Monthly Archives: October 2006

“The Movie Kept Moving As Planned”:

Yesterday, I went to see the Robert Mapplethorpe exhibition at the Gallery of Modern Art.  I had gone to see this show back in September – I went, but it was such a beautiful late summer day that we actually spent our time sitting on the lawn watching the shadows cross Landform, lapping up the sun and catching up, and we didn’t go in and look at the photographs.

So instead, I went yesterday; my visit coincided with a talk about the exhibition, so I went to that, too.  Usually, I avoid hearing other peoples views of pictures before I see them (I always eschew audio guides) – I want to see the pictures for myself, not filtered through someone else’s eyes.  But since I was there, and they were there, it seemed to make sense to take advantage of the talk: I thought it might be interesting.

It was interesting, although a lot of what the lecturer said I thought was bollocks.  (Not inappropriate, given the nature of some of the photographs.)  She believed in analysing everything with hindsight, and so was reading a lot into the pictures that may or may not have been there – rather taking a view of where things might have been when the photographs were taken (twenty to thirty years ago – between 1976 and 1988).  Academically, she may well have right, but it seemed a bit superfluous to me.  Interpreting Mapplethorpe’s pictures of nude black men as racist (“particularly in the light of the impact of the AIDS epidemic on Africa”) or his photos of nude women as pornographic (“because their eyes are hidden… so you can safely look without being seen”) seemed to miss the point somewhat.  (Indeed, another picture she called pornographic because the nude subject was staring straight at the camera, subjugated; Mapplethorpe couldn’t win!)

However, the words did stay with me when I then looked around the exhibition by myself.

Clearly, some of Mapplethorpe’s pictures were shocking and close to pornography for their time – now, they wouldn’t look out of place in Vogue.  (Well, perhaps a penis tied up in wire might not make it to the newsstands.)  I have seen more explicit pictures by Mapplethorpe – he photographed a lot of gay men together – but they’re not in this exhibition – just some light S&M, a bit of leather; and a wired up cock.

I thought the pictures were about sex and death: death seemed to permeate the show.  Again this could be hindsight – the very first picture was a portrait taken a few weeks before Mapplethorpe himself died; another photo was made much more vivid by the knowledge that the subject had died the next day.  Even his portraits sometimes seemed like pictures of the dead – eyes closed, unbreathing.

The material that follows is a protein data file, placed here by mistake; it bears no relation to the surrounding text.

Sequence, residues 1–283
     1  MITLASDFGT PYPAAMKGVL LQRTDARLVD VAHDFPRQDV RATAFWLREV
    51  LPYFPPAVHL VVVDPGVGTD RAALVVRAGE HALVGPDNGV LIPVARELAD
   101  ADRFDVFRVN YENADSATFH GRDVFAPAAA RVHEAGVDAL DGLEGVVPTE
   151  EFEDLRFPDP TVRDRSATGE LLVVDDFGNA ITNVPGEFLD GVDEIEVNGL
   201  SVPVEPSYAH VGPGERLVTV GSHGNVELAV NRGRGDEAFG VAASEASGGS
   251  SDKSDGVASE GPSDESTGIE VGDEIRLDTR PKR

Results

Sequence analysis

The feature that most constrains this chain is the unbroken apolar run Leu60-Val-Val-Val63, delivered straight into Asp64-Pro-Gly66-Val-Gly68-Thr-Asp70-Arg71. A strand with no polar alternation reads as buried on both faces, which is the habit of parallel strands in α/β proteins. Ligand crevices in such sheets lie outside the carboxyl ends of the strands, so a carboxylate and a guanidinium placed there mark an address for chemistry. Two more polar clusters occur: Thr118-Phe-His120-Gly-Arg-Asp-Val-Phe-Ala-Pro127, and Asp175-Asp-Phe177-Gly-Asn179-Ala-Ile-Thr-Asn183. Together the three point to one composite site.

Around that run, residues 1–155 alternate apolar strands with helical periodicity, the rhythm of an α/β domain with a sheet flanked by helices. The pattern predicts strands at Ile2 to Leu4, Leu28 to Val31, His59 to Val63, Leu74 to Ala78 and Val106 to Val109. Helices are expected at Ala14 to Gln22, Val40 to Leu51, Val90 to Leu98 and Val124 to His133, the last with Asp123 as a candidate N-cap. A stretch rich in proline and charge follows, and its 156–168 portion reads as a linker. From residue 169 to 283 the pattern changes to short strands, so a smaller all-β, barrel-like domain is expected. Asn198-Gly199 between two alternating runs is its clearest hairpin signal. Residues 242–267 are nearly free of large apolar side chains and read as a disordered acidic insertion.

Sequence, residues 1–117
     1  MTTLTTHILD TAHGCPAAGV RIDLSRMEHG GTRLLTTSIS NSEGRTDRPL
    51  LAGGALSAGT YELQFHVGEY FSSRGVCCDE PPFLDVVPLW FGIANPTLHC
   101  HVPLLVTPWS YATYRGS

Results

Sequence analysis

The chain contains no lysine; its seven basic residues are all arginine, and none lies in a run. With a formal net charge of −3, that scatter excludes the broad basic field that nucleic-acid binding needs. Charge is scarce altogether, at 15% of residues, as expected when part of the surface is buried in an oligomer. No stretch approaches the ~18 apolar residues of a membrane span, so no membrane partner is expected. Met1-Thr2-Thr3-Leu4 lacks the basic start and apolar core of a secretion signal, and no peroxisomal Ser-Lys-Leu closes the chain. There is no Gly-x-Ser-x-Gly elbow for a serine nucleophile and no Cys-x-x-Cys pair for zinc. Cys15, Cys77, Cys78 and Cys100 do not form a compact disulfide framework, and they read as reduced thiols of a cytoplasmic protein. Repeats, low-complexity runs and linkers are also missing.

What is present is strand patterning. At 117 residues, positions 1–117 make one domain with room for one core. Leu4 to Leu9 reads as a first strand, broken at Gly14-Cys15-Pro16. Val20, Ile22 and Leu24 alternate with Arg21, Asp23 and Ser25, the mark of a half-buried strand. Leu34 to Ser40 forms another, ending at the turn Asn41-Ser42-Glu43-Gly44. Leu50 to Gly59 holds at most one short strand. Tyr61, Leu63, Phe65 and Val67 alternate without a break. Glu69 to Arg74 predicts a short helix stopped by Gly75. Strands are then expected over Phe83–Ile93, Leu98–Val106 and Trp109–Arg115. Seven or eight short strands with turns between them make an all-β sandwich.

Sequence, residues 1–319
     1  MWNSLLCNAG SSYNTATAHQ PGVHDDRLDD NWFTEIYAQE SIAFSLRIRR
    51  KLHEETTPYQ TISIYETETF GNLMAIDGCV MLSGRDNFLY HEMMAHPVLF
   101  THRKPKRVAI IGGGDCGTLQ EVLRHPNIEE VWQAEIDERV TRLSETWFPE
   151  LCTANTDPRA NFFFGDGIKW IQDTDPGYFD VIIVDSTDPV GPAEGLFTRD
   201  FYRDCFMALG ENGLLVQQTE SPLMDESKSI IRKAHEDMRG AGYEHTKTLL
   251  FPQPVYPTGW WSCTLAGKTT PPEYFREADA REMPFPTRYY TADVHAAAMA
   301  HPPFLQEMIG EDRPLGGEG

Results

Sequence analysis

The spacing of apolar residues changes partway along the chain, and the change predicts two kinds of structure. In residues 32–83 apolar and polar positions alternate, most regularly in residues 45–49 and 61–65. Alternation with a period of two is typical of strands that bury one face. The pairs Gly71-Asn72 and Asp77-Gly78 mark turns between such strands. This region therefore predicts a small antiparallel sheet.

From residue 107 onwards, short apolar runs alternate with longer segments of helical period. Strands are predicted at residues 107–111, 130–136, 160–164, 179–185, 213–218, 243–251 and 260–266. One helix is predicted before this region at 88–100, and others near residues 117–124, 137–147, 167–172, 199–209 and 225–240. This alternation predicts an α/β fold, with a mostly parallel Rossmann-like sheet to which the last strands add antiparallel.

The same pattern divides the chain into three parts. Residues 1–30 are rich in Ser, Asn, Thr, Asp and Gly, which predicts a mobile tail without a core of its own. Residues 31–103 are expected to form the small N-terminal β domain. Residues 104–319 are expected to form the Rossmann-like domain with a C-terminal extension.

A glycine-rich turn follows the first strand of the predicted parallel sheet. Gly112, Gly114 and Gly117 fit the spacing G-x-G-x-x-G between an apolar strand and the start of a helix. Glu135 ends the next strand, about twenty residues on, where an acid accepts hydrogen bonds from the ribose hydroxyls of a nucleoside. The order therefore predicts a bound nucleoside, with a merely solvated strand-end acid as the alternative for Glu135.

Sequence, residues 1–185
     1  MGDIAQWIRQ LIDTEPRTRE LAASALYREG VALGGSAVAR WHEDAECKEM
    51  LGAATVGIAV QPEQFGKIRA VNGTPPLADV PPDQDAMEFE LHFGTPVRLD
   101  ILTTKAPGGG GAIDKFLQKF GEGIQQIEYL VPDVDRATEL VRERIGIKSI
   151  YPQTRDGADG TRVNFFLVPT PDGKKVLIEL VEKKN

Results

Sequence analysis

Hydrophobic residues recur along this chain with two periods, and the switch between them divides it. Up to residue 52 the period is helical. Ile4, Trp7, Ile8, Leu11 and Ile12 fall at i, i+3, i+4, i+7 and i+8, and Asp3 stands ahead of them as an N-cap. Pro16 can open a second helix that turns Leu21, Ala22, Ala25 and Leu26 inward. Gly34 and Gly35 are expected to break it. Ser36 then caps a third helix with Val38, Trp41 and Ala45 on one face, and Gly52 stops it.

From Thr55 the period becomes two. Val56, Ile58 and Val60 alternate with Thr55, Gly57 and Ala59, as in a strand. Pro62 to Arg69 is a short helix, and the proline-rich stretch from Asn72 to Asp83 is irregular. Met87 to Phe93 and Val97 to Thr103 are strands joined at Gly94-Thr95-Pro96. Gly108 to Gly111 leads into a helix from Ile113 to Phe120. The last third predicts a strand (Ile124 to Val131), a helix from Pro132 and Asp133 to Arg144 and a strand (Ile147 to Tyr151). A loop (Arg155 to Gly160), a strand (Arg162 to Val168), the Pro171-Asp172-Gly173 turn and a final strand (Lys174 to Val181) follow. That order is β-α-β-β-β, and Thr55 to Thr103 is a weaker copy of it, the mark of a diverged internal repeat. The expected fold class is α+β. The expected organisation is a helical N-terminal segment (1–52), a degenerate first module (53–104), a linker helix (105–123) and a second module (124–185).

Mapplethorpe clearly didn’t like to photograph people smiling – although when he did, the pictures were startlingly beautiful; perhaps their rarity made them shine in the exhibition.

As well as portraits, there were some examples of his flower photographs and some still lives.  His take on flowers – particularly orchids (themselves most perverse flowers; another take on sex) – was stunning: simple and beautiful; though not necessarily alive.  One of his still lives, a skull, was stunning: caught in a diagonal shaft of light.

It contrasted interestingly with a self portrait, in which he was holding a deaths-head walking stick; his face is out of focus, his fist gripping the stick is sharp.  That picture was taken the year before he died.

All Mapplethorpe’s pictures seemed very well composed and lit: a lot of high contrast blacks and whites.  (That may be why I like them: I like high contrast pictures.)  His nudes seemed to make the sitters into statues – classical poses, some on pedestals (although the lecturer said this was akin to slavery – she did put a political spin on everything; she may have been right, but I didn’t see it).  Most of his work was undertaken in a studio (although I have just been looking through “Lady”, his book of photographs of body builder Lisa Lyons – which are all outdoor or location shots); and he clearly kept control of the photos.  Interesting, though, he didn’t do his own printing.

It was an interesting show, though it left me somewhat colder than I had expected – I like his work, and I have been looking at his pictures since I first heard Patti Smith’s “Horses”, for which he took the cover photos (and which, you may recall, is the record that changed my life; or, at least, one of them) – several portraits of Patti Smith appear in the show.  I think it is because a lot of the sitters seem to have the life sucked out of them – the pictures seem to say more about Mapplethorpe than their subject.

“Autumn Leaves”. October 2006.